Training to be a Breastfeeding Counsellor

A few weeks ago I was put in touch with the lovely Jessica, a friend of a friend, who is currently training as a breastfeeding counsellor with the NCT.  She is a busy mum of three, but has taken some time out to tell us more about her training and experience.

My name's Jessica. I am mum to three children and am training to be a breastfeeding counsellor.

I have had really good experiences breastfeeding all of my children and never really thought that there could be any problems. Everyone I knew breastfed their kids so I had no understanding about how problematic breastfeeding can be for some people.

However, after I had my first child I was incredibly lonely until I met my dear friend Maya. Our children were born within a few weeks of each other, neither of us knew anyone locally and we soon realised that we were exactly the same age and had tons in common. We became incredibly close and were each other's rocks of support in those early days of motherhood. The only difference was I was breastfeeding and she was bottlefeeding.

When we both got pregnant with our second babies Maya asked me to support her to breastfeed her baby once he was born. I was really touched that she asked me but when he was born she was so brilliant at feeding that other than a nod that the baby was attached to the breast properly and a couple of chats about how breastfeeding works I didn't think I had done anything in particular to support her. Over a year later when we had both weaned our second babies, Maya thanked me for my support and told me that she wouldn't have managed to feed her baby if it hadn't been for my support. For the first time I appreciated how difficult feeding can be and how important it is to have support from women who have breastfed themselves.

So, it was friendship that brought me to the training.

There are several charities that train breastfeeding supporters but I decided to train with the NCT because they offer a diploma qualification and they are a very large charity so have a big reach. They also run antenatal classes, one of which is a breastfeeding class run by a breastfeeding counsellor. This means that soon-to-be parents meet their local counsellor before their baby is born and so have a name and a face to call if they need some extra support in the first days, weeks or even months after birth.

The diploma usually takes about three years to complete and I am just about to start my final year of training. The first part of the course has a heavy emphasis on counselling skills – we are not breastfeeding police! We are available to listen and share information: not to tell people that they must breastfeed. The second part of the training is in group work skills. This part of the course aims to prepare the students for antenatal teaching, supporting at a breastfeeding cafe (or baby cafe) and even for training breastfeeding counsellors and peer supporters.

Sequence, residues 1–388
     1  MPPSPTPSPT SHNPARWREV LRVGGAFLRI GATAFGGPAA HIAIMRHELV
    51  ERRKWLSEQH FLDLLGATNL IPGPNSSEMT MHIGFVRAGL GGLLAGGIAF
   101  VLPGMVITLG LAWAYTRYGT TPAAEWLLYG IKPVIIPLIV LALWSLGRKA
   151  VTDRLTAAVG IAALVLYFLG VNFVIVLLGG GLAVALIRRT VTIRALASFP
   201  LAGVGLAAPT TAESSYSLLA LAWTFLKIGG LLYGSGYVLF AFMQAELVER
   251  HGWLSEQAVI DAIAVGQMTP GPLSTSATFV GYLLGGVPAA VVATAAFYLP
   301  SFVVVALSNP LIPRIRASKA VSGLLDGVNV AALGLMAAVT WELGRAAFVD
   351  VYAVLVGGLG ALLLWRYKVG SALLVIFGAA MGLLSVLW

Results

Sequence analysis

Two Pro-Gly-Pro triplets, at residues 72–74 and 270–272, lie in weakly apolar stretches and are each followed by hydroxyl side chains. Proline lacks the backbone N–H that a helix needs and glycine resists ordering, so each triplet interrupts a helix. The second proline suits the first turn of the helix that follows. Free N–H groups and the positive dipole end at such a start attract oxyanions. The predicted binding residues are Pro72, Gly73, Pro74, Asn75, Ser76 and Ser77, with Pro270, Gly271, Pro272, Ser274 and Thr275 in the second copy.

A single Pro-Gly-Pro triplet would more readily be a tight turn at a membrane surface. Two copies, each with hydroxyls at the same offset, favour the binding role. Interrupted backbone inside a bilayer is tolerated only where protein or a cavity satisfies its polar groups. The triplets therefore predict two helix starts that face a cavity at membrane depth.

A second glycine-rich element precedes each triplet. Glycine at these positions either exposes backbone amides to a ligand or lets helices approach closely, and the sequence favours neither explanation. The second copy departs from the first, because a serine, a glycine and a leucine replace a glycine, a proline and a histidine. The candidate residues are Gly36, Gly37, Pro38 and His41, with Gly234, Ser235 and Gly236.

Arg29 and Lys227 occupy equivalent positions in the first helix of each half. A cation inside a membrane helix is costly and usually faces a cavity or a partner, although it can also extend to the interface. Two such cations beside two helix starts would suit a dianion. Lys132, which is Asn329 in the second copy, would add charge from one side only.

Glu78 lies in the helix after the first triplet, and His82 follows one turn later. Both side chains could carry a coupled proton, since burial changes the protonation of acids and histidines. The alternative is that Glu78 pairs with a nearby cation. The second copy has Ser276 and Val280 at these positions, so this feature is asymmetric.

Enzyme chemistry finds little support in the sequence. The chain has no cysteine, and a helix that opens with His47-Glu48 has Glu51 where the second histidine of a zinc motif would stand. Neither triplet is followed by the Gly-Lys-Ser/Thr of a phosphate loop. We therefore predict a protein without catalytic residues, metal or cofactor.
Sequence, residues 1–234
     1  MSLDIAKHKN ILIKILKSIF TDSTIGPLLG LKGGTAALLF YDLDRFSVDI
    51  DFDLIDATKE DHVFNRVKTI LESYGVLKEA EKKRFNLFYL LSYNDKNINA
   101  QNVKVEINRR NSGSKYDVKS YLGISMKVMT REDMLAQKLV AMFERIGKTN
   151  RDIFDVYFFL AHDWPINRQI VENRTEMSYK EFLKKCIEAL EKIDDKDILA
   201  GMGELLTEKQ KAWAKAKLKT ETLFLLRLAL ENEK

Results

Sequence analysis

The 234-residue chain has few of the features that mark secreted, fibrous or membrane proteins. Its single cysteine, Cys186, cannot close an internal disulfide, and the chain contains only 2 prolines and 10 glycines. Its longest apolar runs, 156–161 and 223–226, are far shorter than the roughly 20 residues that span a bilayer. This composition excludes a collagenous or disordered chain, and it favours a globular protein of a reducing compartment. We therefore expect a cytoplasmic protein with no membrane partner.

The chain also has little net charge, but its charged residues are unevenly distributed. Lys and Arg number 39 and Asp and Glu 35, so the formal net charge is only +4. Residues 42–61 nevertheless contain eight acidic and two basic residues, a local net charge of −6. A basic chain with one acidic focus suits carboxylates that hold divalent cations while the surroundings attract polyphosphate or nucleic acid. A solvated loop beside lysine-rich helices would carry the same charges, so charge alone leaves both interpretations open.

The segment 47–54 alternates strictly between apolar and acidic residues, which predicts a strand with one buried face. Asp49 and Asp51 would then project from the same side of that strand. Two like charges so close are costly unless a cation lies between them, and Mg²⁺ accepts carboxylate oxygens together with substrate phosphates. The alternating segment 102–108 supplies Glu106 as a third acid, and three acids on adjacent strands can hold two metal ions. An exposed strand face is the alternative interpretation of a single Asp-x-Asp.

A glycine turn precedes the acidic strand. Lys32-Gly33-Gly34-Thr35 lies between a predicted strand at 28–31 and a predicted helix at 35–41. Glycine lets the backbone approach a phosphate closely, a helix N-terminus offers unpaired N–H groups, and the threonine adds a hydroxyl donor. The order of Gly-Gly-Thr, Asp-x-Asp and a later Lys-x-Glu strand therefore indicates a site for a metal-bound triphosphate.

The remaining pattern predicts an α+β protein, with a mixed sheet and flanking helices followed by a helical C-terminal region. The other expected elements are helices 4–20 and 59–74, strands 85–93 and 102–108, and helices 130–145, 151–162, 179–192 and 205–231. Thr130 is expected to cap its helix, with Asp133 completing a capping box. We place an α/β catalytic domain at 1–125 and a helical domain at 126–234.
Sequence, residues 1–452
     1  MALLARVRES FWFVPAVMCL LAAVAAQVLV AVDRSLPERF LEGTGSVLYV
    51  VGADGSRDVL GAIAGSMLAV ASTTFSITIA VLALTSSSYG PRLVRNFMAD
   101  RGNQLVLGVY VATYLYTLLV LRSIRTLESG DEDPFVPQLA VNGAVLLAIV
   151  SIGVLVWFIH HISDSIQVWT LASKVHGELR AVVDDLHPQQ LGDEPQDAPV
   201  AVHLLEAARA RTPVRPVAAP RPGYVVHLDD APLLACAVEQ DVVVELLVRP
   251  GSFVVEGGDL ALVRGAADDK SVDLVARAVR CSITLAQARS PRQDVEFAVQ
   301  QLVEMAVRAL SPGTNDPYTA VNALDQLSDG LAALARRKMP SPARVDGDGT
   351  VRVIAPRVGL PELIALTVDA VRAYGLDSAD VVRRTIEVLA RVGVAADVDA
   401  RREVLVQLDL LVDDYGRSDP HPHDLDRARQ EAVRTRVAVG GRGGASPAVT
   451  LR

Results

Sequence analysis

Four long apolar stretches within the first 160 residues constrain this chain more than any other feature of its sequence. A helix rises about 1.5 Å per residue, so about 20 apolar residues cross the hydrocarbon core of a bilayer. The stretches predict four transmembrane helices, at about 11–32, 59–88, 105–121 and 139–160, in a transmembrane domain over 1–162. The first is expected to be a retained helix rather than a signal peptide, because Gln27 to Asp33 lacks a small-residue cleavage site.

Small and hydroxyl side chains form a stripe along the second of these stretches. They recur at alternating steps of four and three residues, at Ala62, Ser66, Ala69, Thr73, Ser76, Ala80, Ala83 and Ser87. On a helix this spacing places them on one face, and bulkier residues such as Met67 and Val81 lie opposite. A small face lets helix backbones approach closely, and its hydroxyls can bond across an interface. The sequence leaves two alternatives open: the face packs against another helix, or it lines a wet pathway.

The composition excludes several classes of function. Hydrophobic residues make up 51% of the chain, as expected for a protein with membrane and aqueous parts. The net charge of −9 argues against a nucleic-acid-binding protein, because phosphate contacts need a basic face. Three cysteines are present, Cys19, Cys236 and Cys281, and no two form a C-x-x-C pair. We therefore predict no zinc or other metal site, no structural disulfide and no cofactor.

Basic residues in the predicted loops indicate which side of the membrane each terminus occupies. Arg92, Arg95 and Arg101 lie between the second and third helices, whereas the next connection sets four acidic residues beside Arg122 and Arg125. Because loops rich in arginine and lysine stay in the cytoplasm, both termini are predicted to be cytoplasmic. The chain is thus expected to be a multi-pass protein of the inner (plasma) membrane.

To train to be a breastfeeding counsellor with the NCT a mother has to have breastfed at least one baby for a minimum of six months.

I have really enjoyed my training. It's given me another focus apart from my children. It is a fantastic course as it goes at the pace of the student. We are part of a 'rolling tutorial group'. This means that students train together no matter which stage of the course they are at. I attend a group in the Kent countryside. So once a month I drop my kids at school, hop on the train in inner city London and 40 minutes later I am walking past an idyllic village green complete with duck pond! I enjoy meeting with other women who are as passionate as I am about the importance of breastfeeding and the importance of sharing skills and support in order that more women have a positive experiece breastfeeding their babies.

I hope to have completed the course by July next year and to start running my own baby cafe at my local children's centre. I will also be answering calls for the NCT national helpline and running antenatal sessions. I even hope to be paid for some of the work I do!

Breastfeeding support changes from woman to woman and baby to baby. Everyone's experience is unique. The most important thing is that if you're not sure or you feel it's not working to ask for help.

Problems arise from the fact that we don't live in a culture where breastfeeding is the normal way to feed our babies. We don't see women breastfeeding out and about. And when it's portrayed in the media it's often in a negative light: either that the women who do it are crazy hippies or that it is completely fraught with problems. The more women breastfeed the more normal it becomes and the easier it becomes too.

Thank you so much for sharing your thoughts and experiences with us, Jessica.  

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